Today marks one month since I arrived. I can’t believe that it’s just gone by like that. I realize that the rest will probably pass just as quickly, and that makes me even more desperate to cherish every precious moment that I still have here.
In celebration of being here one month, I’d like to address some things that flat out confuse me, bewilder me or make me genuinely wonder about myself.
No. 1: Cheese
What is with the cheese here? I wanted to have a little on hand to use, to make a quick little quesadilla snack or to put on bread with lettuce for a quick and easy bite when I’m busy. Problem is, all they have is this white cheddar. It’s everywhere! You can also find a small selection of what I’m guessing are all some kinds of French cheeses, but absolutely no colby jack. No queso fresco. Just white cheddar.
No. 2: Automatic Doors
It seems to me like every door in the main building of our university is an automatic door. So what’s the problem, you ask? The problem is you have to push a button to open it. And I walk past this button often. Or worse, the door is already open, and right when I try to walk through it the door starts to shut… And I do most certainly at that point run into it.
No. 3: Different Sizes of Currency
This one is actually ingenious. Differently valued bills have different sizes. For example, a 5£ note is smaller than a 10£ note. Don’t ask me why this amuses me, because it just does….
No. 4: Driving
Not that I’ve been driving around the UK, and I know that they drive on the left wrong side of the road here, but it’s still strange to actually be in a taxi and be on the left side. Especially if you are sitting in the front seat.
No. 5: Obsession with Fire
This one is just plain weird. I really don’t understand it, but the Northern Irish have some kind of obsession with fire. It goes something like, “You must keep the doors closed at all times because they are fire doors. Fire is very bad. Fire is dangerous. Fire will kill you. So you will keep the doors closed, or you will die.”
We have heard so much about fire safety here, and I find this somewhat ironic because it rains a lot and is super humid here. Therefore, wouldn’t the logical thought be that there is a very low chance of fire?
No. 6: Race
I don’t think I was prepared for this one. When I went to Oaxaca, I knew going into it that I would be part of the racial minority. Mentally, I was ready for that. However, Northern Ireland is different. I know that I am part of a racial majority in my home community, but there is at least some kind of diversity. I also knew ahead of time that there is far less racial diversity here.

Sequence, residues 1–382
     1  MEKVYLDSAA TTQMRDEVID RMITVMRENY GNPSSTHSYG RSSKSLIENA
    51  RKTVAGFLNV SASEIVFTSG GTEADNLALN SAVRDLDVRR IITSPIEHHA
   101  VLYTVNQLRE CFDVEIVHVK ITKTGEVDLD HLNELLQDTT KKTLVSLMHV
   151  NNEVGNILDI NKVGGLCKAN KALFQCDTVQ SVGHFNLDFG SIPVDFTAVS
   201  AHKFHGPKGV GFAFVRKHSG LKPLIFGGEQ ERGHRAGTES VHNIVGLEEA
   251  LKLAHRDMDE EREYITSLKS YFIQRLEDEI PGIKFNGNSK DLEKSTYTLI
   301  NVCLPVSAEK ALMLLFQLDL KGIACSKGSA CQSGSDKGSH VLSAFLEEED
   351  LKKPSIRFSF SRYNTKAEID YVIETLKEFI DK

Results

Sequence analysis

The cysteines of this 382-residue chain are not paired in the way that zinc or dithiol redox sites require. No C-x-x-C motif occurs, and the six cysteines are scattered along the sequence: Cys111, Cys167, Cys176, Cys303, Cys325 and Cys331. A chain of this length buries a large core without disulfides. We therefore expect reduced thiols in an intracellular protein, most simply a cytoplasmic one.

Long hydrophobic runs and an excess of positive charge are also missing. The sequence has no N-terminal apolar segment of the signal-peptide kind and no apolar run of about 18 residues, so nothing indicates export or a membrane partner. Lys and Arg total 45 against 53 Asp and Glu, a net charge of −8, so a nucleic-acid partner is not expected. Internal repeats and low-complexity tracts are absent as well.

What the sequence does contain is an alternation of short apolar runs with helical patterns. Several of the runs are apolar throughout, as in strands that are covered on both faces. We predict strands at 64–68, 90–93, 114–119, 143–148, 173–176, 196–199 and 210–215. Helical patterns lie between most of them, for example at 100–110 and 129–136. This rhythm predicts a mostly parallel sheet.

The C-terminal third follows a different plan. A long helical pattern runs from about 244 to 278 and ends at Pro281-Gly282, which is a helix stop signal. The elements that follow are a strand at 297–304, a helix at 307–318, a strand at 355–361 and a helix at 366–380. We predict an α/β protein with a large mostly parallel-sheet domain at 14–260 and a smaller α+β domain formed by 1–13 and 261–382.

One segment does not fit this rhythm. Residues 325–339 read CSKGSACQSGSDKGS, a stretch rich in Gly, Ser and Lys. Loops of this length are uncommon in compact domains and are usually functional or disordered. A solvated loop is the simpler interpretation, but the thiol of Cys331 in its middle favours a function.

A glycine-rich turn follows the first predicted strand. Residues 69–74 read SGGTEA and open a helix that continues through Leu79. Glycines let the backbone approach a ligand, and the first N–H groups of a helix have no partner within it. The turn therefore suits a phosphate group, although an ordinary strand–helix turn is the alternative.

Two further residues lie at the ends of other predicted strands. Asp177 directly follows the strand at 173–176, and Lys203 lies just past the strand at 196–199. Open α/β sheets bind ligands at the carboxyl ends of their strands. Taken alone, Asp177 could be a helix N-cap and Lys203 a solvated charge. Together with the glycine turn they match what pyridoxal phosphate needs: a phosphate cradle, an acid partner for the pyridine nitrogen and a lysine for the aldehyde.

What I wasn’t prepared for is how much less diversity there really is. Only 2% of the population is a racial minority in Northern Ireland, and I wonder if anyone here is really aware of their white privilege. Judging from the conversation I heard in the kitchen last week, I know that at least one local is not.
No. 7: Single Rooms
More than anything, I am grateful for this. I have my own room! In the US, you always have at least one roommate if you live on-campus except in extenuating circumstances. But here in Europe, they value privacy (thankfully).
I really enjoy having my own room. Also, having a full communal kitchen which I share with only four other people is really nice. At Baldwin, in the last several dorms I have lived in, the whole dorm shared one kitchen, and in the last dorm that I lived in this kitchen only had a microwave, not even a stove. Go figure.
No. 8: Co-Ed Living
For most of the people here, this probably doesn’t even cross their minds. However, this is a new one for me. In high school, I hung out with basically all guys. Then, I chose to go to a women’s college. Which means that this is the very first time I’ve ever lived in a co-ed dorm.
How do I like having males around me again? I LOVE IT. Having friends again who aren’t just women is fantastic! Being here has made me kind of wish I’d gone to a co-ed college in the first place….
No. 9: International Student Perks
Being an international student means that I get to mix with the other international students. So basically, I know very few locals, but I have great friends from a lot of different countries!
This, I think, is even better than having a lot of Northern Irish friends because I am being exposed to so many more cultures. Either way, everyone who isn’t American has some kind of accent that makes it difficult for me to understand them, so every conversation is a (good) challenge!
No. 10: Tea and Chocolate
I’ve known for a while that I have a chocolate addiction, but let me explain to you how bad it really is. I have four boxes of butter biscuits, three bars of Galaxy with caramel, a bar of Cadbury chocolate with caramel, two bars of Swiss chocolate brought from southern Germany by another international student, and a box of Turkish Delight (ginger stuff covered in dark chocolate).
All of this chocolate is all in my room. I’m going through it rather slowly, and it will be quite a while before I buy more. Just note that I do admit to having a serious chocolate problem.
Not only this, but I’ve developed a tea addiction. Right now I have three different types of tea in the kitchen, and I probably drink at least one mug of tea every day. One day recently I even drank five. I never have liked drinking tea in the States. How did this change come about?
In conclusion, I’m learning more and more about myself, how I think the world should work, and how some people actually try to make it work. Some of these things (those automatic doors) are frustrating, but a lot of other stuff is intriguing and has been a good learning experience for me.